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Catalysts 2013, 3(1), 219-231; doi:10.3390/catal3010219
Published: 4 March 2013
Abstract: Gas-solid heterogeneous photooxidation of toluene over TiO2 catalyst was studied to investigate the factors controlling the catalytic activities. The toluene photooxidation behavior on TiO2 was strongly affected by the formation and oxidation behavior of intermediate compounds on TiO2, and their accumulation decreased the reaction rate for toluene photooxidation. The formation and oxidation behavior of the byproduct compounds depended on the initial concentration of toluene and water vapor. In situ Fourier transform infrared (FTIR) studies revealed that water vapor promoted the cleavage of the aromatic ring and facilitated CO2 formation. At the reaction temperature of 300 K, the deposition of Pt on TiO2 suppressed CO formation, whereas catalytic activity was decreased due to the increase in the amount of intermediate compounds. On the other hand, Pt/TiO2 showed higher activity than TiO2 at 353 K, in spite of the increase of the intermediate compounds.
Control of air quality is still one of the important topics in the research area of environmental science and technology. Photocatalytic oxidation (PCO) processes have been extensively studied for air quality control when the target compounds are CO, NO, volatile organic compounds (VOCs) and bioaerosols in closed environment [1,2,3,4,5]. PCO is effective for the control of these compounds, especially under their diluted conditions. In the case of VOC removal from polluted air, TiO2 catalysts have been generally used because of their high activities, high safety and low cost. The photooxidation behavior of various kinds of organic compounds, including aromatic compounds on near UV irradiated TiO2 catalysts, has been clarified [6,7,8,9,10,11,12,13,14,15,16,17,18,19].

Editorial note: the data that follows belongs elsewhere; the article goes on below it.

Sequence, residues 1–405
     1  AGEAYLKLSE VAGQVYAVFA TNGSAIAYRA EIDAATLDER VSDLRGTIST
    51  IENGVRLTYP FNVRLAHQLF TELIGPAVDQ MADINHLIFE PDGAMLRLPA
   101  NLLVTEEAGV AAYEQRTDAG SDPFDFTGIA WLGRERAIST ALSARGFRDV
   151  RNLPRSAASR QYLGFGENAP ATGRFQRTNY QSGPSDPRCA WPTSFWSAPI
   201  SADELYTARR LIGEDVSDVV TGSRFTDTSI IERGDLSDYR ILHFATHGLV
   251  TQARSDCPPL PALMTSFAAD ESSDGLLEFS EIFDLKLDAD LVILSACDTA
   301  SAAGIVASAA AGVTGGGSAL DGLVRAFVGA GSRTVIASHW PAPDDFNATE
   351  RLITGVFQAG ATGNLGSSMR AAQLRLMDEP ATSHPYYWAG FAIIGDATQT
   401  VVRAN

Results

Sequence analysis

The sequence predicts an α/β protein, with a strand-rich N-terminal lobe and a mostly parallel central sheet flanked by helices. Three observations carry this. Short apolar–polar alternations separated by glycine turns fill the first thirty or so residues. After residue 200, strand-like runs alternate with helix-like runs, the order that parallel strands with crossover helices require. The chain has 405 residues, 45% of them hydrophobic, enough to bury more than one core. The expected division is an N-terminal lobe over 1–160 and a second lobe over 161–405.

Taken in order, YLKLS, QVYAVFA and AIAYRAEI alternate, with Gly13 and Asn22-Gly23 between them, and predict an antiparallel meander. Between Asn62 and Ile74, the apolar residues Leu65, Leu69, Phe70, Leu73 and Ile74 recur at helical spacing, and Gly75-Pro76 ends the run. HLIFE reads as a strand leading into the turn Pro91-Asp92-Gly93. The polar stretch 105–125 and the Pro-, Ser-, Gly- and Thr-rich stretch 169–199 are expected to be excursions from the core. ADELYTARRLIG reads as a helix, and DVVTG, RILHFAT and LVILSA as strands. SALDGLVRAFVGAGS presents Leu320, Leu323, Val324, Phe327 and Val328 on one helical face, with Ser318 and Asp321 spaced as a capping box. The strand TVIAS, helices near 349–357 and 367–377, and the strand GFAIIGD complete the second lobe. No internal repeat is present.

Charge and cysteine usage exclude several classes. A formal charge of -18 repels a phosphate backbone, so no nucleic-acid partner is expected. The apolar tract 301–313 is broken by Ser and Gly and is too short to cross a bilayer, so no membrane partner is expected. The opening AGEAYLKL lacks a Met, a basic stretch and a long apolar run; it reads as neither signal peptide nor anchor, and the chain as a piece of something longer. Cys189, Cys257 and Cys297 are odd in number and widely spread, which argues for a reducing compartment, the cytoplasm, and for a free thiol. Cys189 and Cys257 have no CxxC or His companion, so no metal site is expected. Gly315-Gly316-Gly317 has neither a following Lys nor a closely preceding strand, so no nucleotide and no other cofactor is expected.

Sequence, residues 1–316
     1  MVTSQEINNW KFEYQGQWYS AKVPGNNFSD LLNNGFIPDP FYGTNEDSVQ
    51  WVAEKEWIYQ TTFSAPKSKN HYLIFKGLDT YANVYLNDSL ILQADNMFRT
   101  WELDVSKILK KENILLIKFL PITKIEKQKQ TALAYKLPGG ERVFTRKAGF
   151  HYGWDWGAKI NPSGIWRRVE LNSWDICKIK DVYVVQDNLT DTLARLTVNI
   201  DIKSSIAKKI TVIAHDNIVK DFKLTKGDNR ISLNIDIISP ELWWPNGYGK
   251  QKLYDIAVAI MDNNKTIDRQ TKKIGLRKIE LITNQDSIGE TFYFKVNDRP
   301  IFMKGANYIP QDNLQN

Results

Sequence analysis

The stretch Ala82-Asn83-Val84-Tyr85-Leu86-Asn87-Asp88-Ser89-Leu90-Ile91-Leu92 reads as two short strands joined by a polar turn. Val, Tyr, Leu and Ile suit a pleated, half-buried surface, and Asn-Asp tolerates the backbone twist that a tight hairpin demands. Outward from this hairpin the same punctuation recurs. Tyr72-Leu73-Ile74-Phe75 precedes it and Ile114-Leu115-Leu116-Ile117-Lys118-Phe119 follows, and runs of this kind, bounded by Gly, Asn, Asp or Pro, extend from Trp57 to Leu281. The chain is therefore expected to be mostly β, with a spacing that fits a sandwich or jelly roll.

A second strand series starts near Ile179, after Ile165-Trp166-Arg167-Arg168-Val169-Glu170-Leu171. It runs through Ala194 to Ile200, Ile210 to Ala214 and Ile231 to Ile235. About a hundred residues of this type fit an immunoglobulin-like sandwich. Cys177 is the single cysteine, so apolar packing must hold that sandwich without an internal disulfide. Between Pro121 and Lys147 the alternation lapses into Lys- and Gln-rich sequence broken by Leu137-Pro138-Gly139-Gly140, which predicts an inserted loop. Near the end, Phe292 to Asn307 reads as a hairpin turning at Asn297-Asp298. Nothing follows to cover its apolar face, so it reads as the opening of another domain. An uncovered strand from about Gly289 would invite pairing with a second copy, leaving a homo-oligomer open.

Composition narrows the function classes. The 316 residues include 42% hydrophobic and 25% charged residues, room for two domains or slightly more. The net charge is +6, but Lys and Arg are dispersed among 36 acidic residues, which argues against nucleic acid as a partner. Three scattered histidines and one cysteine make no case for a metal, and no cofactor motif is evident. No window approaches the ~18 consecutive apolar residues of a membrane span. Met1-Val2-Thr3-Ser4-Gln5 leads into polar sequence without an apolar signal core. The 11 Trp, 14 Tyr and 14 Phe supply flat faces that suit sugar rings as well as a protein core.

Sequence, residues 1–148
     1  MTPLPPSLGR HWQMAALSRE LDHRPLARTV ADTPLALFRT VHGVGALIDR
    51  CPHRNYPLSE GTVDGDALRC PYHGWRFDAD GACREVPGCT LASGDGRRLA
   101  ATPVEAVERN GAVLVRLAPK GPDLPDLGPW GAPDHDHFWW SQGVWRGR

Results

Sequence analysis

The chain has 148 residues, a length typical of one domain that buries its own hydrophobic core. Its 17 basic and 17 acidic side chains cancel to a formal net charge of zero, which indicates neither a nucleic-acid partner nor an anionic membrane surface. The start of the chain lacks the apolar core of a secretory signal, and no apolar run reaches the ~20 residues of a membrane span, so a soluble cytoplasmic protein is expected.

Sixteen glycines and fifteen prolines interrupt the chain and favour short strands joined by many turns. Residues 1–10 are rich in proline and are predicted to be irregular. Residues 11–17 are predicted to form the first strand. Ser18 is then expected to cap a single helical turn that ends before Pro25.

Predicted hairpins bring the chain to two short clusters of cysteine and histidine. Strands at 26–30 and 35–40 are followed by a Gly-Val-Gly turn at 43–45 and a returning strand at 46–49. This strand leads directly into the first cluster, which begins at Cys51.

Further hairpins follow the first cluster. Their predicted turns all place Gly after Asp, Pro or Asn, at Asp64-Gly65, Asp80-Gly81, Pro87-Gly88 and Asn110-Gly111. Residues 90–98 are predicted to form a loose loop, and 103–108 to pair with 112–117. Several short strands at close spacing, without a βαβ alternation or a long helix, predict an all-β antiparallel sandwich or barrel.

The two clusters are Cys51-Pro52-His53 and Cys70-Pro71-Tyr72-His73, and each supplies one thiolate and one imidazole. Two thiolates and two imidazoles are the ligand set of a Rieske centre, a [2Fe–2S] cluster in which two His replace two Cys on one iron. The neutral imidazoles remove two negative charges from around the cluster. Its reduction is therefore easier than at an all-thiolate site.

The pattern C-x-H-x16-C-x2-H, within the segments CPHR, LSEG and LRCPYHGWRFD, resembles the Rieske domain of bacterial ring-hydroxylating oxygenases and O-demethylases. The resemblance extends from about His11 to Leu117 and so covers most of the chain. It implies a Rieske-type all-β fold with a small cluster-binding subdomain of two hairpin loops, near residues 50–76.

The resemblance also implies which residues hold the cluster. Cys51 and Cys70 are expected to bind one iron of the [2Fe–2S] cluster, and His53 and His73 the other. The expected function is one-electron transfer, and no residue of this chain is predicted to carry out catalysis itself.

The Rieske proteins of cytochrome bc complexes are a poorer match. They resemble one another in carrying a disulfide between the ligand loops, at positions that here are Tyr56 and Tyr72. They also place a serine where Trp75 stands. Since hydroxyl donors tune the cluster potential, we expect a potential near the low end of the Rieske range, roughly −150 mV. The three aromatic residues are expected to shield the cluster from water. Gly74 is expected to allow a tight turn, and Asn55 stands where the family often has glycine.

It has been generally accepted that the factors controlling photocatalytic activities involve the efficiency for electron-hole pair generation and their separation, formation of active oxygen species on the TiO2 surface and their reaction with organic compounds adsorbed on the surface [1,19]. Therefore, many efforts have been made to improve the photocatalytic properties of TiO2 catalysts by controlling their crystallinity, band gaps and surface area. The other catalyst-modification methods are metal doping/deposition in/on the TiO2 catalyst surface [20,21]. Deposition of Pt metals on TiO2 was effective in improving the rate for VOC photooxidation when the photoreaction was conducted with heating processes [22,23].